They might be rapping about a failing relationship, but the love between Polo G and Nicki Minaj is all real . The two artists have dropped their first collab, “For the Love of New York,” which dropped on June 11 along with 19 other tracks on Polo G’s third album, Hall of Fame . Though Polo G is a Chicago native, the track is about a girl from New York who could have his heart if he “wasn’t so heartless.” So perhaps it’s not a surprise that Nicki, who proudly reps Queens, agreed to provide the perspective of the other side of the relationship. “I’d rather physical, emotional’s the worst pain,” she says in her verse, closing out the song by warning, “This is toxic, don’t act like it’s normal.” She’s one of a dozen artists who feature on the album, which is composed of half solo tracks and half featuring tracks. The other inductees into Polo G’s personal hall of fame are the Kid LAROI, Lil Durk, Lil Wayne, Scorey, G Herbo, Rod Wave, DaBaby, Young Thug, Roddy Ricch, Pop Smoke, and Fivio Foreign. Check out the full track list below.
After more than a decade’s crusade by preservationists, Sterling Forest has finally been acquired by the State of New York from its private owners, creating a beguiling new terrain for hiking, fishing, skiing and ambling that is 18 times as large as Central Park and an hour-and-10-minute drive from midtown Manhattan.
The acquisition, the largest by the state’s park system in 50 years, is to be formally announced today at nearby Bear Mountain Inn by Gov. George E. Pataki of New York and Gov. Christine Todd Whitman of New Jersey, whose residents will gain protection of an important watershed. But the purchase is already a fact: the closing on the heart of the complex real estate deal, valued at $55 million, was completed quietly last Thursday by a bevy of lawyers and bureaucrats at the modest offices of the land’s private owners, Sterling Forest L.L.C., in Tuxedo, N.Y.
The deal gives the public 15,800 acres of rugged woodland 40 miles northwest of New York City that is studded with crystalline lakes and streams and is a habitat for bobcat and black bears. Cobbling together that acreage has taken five years of pleading, haggling and Byzantine lobbying to corral the purchase money from the Federal Government ($17.5 million), New York State ($16 million), New Jersey ($10 million) and several foundations.
Even though a sales contract was signed a year ago, the last major financial piece in the puzzle was not plugged until December, when a $5 million donation was announced by the Doris Duke Charitable Foundation.
The public acquisition of Sterling Forest completes the dream of a Manhattan couple, Paul Dolan, an executive at ABC News, and his wife, JoAnn, executive director of the New York-New Jersey Trail Conference. In 1985, the Dolans were hiking in a part of the area skirted by the Appalachian Trail when they learned that the pristine surroundings might be used for development. They began knitting together a coalition that eventually recruited such disparate allies as Newt Gingrich, the House Speaker, and the Sierra Club.
The deal was given urgency in 1993 when the private owners threatened to build a utopian city for 35,000 inhabitants and 20,000 workers, a complex that would dwarf all but a few towns between New York City and Albany. Critics, however, said the threat of development was a bargaining strategy designed to get top dollar from state and Federal Governments.
The acquisition still leaves 2,250 acres in the hands of the Sterling Forest company, which is controlled by Zurich Insurance, a Swiss company. They want to build hundreds of homes and some commercial buildings on their remaining Sterling land and plan to apply for development permits to the town of Tuxedo’s planning board in a few weeks.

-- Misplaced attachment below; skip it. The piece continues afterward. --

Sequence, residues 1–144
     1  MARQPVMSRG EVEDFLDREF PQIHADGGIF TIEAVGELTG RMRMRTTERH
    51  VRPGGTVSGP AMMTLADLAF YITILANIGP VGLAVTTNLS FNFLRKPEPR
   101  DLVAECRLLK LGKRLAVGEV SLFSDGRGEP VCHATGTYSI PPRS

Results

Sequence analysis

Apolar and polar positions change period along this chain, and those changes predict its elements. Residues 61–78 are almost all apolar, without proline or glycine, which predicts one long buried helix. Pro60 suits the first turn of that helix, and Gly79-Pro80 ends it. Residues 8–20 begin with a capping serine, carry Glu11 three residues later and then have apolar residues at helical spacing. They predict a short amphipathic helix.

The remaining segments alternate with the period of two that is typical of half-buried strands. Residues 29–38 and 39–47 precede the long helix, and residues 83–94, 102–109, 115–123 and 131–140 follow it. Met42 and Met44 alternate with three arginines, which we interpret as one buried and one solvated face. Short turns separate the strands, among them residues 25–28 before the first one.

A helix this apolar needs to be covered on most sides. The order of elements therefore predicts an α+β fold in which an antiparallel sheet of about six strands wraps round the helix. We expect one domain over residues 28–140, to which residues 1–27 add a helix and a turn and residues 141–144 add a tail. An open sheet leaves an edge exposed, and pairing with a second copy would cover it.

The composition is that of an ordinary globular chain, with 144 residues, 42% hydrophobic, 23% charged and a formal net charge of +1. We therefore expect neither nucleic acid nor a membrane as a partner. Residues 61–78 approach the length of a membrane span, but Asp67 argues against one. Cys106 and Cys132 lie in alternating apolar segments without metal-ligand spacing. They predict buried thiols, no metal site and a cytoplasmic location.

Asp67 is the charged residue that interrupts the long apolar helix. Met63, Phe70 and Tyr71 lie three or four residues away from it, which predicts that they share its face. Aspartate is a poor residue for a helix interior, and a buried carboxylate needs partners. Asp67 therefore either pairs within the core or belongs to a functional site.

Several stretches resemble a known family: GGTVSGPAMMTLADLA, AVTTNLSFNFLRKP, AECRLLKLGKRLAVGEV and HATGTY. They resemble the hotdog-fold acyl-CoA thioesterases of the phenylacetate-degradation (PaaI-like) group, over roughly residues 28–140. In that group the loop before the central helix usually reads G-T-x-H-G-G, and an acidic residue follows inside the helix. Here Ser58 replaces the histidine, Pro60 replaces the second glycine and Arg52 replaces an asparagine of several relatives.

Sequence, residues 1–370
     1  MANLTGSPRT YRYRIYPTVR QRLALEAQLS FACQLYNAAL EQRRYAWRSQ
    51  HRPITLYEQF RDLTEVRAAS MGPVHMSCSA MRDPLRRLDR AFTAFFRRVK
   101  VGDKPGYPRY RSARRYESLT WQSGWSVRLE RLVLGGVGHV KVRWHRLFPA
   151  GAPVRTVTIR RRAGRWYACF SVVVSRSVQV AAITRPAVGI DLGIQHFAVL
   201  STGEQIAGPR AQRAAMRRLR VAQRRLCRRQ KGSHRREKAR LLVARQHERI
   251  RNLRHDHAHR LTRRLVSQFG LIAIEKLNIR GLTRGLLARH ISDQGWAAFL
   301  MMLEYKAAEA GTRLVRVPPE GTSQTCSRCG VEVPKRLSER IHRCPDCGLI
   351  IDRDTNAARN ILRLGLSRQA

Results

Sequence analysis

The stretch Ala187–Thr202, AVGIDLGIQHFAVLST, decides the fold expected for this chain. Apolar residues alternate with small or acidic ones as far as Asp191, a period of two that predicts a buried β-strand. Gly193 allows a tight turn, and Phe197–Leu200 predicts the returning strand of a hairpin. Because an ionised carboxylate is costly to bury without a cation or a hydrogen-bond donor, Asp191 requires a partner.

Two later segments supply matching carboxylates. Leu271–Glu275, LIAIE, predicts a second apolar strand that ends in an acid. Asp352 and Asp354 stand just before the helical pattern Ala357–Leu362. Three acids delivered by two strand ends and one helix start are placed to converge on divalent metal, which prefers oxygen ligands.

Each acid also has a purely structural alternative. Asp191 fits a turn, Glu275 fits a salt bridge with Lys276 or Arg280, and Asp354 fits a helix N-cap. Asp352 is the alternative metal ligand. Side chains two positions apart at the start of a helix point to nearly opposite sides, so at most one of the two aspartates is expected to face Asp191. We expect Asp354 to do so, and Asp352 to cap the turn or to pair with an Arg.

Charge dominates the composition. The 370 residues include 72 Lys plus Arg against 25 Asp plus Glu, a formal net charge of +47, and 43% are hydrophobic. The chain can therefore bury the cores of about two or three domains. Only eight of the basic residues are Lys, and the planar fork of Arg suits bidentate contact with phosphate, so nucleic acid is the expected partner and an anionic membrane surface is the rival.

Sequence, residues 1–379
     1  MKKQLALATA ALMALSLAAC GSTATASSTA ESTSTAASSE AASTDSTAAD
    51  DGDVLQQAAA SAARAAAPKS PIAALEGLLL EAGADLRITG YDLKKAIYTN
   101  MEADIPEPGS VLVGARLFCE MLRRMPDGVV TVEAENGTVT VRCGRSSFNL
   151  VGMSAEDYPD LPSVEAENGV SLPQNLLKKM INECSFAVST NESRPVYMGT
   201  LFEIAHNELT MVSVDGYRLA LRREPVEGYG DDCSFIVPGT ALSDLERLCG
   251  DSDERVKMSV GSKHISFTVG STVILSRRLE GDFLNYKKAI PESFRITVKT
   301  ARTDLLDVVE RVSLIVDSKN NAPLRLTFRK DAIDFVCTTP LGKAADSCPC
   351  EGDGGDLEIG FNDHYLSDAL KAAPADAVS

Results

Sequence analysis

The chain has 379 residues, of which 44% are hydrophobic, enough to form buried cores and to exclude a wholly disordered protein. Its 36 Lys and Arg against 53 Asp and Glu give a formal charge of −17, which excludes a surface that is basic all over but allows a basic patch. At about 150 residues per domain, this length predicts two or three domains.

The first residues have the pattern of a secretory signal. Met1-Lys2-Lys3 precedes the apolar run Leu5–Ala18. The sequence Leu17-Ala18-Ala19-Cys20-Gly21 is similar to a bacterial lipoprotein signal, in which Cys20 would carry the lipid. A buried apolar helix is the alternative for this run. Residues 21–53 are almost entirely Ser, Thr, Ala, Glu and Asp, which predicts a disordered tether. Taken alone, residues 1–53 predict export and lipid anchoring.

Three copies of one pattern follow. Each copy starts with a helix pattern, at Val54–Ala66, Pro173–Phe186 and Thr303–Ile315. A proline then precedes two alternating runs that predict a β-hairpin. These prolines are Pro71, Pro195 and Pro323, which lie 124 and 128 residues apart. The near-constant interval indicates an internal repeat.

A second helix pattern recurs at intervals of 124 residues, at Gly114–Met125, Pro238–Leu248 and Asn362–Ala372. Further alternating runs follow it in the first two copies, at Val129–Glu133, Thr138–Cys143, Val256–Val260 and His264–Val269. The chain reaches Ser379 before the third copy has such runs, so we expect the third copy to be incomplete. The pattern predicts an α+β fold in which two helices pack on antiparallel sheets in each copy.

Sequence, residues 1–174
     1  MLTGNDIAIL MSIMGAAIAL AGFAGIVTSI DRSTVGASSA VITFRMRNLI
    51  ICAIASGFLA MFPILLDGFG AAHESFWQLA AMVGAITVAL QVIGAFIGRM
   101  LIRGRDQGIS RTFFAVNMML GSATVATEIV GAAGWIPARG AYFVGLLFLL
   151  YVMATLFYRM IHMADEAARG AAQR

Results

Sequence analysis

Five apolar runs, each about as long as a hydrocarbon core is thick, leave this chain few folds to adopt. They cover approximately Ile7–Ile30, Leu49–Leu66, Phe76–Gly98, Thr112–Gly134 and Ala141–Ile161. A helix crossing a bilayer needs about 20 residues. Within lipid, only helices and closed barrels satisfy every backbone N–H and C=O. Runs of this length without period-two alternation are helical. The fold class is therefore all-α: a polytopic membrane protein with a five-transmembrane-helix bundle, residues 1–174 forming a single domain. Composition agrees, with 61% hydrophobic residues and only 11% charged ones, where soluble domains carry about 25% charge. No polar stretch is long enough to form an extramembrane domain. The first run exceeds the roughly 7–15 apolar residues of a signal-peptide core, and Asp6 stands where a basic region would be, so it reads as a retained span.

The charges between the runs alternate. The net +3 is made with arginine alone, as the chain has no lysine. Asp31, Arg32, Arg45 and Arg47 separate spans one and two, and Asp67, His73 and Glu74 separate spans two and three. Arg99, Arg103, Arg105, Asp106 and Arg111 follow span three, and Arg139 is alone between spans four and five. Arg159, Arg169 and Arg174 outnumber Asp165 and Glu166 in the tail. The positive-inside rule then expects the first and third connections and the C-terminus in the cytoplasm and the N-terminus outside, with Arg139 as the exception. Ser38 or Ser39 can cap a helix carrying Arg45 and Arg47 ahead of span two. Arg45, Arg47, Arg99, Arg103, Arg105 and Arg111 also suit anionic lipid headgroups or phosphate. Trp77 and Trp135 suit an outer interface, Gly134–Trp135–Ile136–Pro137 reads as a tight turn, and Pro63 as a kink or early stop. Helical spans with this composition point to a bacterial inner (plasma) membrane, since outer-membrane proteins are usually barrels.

As a result, preservationists are beginning a second campaign to acquire the remaining Sterling acreage. They are also concerned about plans for an unrelated development of 2,000 homes bordering Sterling Forest that will be known as Tuxedo Reserve. Yesterday they were still not drinking champagne.
”It is clear there is a remaining threat,” said John Gebhards, executive director of Sterling Forest Partnership, one of the main groups fighting for the public acquisition of the forest.
The new park will be operated by the Palisades Interstate Parks Commission, which already oversees 23 parks in New York and New Jersey. Although the public will be able to visit Sterling immediately, the commission will take the next year to draw up a plan for managing a park that to date has little in the way of parking areas, picnic tables, beaches or bathrooms but which at the same time does not want to encourage overuse.
The commission’s executive director, Robert Binnewies, is credited by preservationists as the crucial official whose persistence made the acquisition possible.
”There were many moments when people didn’t think this would happen but somehow it did,” Mr. Binnewies said yesterday. Governor Pataki, who hiked and skied in the area as a boy and represented part of it as an assemblyman, has also been credited with pressing for the acquisition.
The Sterling Forest acquisition comes on top of the recent deal by the state to buy a 15,000-acre Whitney family property in the heart of the Adirondacks, a deal that will not be closed until June. ”This is a tremendous accomplishment,” Mr. Pataki said in an interview yesterday. ”The largest single piece of open property in the metropolitan region will be protected and preserved for the people of New York and New Jersey forever.”
New Jersey was also interested in the purchase and contributed $10 million because it wanted to protect a watershed for the Wanaque-Monksville reservoir system, which provides water for more than 2 million inhabitants in the northern part of the state. Years ago, Passaic County acquired 2,000 acres of the forest on the New Jersey side of the border as a water resource.
Getting Federal aid proved most complex of all. In exchange for their votes for purchase money, several Congressmen insisted on approval of pet projects, including a long-term extension of logging in an Alaskan forest. Mr. Gingrich persuaded his colleagues that such provisions would invite a veto by President Clinton.
The Sterling Forest deal has several intricate features.
Under one, the Sterling company will continue to exercise ownership over 1,000 acres for up to eight years. The company needs the town of Tuxedo’s approval to transfer development rights on those 1,000 acres to the 2,250-acre parcel it still owns so it can build more densely. Louis Heimbach, the company’s chairman and chief executive, said he believes that the transfer of rights will take place rather quickly so the state can have clear title to the 1,000 acres in the near future.
An additional 1,400 acres is technically owned by the Open Space Institute, a state conservation group, which was given $5 million by the Lila Acheson and DeWitt Wallace Fund for the Hudson Highlands to make the down payment on the purchase last August and secure the bigger Sterling Forest acreage. The institute plans to turn the land over to the state.